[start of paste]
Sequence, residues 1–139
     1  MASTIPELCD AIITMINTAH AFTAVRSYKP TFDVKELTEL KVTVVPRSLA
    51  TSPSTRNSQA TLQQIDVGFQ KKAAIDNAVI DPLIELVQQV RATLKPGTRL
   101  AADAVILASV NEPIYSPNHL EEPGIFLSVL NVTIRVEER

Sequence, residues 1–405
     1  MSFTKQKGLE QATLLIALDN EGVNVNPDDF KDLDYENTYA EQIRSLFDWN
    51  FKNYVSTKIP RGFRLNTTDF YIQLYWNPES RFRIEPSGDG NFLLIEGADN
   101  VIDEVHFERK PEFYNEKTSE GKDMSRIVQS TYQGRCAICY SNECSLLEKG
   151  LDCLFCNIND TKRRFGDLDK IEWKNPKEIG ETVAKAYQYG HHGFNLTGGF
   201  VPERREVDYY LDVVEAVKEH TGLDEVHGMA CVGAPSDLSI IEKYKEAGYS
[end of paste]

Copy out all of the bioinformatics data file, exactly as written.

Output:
Sequence, residues 1–139
     1  MASTIPELCD AIITMINTAH AFTAVRSYKP TFDVKELTEL KVTVVPRSLA
    51  TSPSTRNSQA TLQQIDVGFQ KKAAIDNAVI DPLIELVQQV RATLKPGTRL
   101  AADAVILASV NEPIYSPNHL EEPGIFLSVL NVTIRVEER

Sequence, residues 1–405
     1  MSFTKQKGLE QATLLIALDN EGVNVNPDDF KDLDYENTYA EQIRSLFDWN
    51  FKNYVSTKIP RGFRLNTTDF YIQLYWNPES RFRIEPSGDG NFLLIEGADN
   101  VIDEVHFERK PEFYNEKTSE GKDMSRIVQS TYQGRCAICY SNECSLLEKG
   151  LDCLFCNIND TKRRFGDLDK IEWKNPKEIG ETVAKAYQYG HHGFNLTGGF
   201  VPERREVDYY LDVVEAVKEH TGLDEVHGMA CVGAPSDLSI IEKYKEAGYS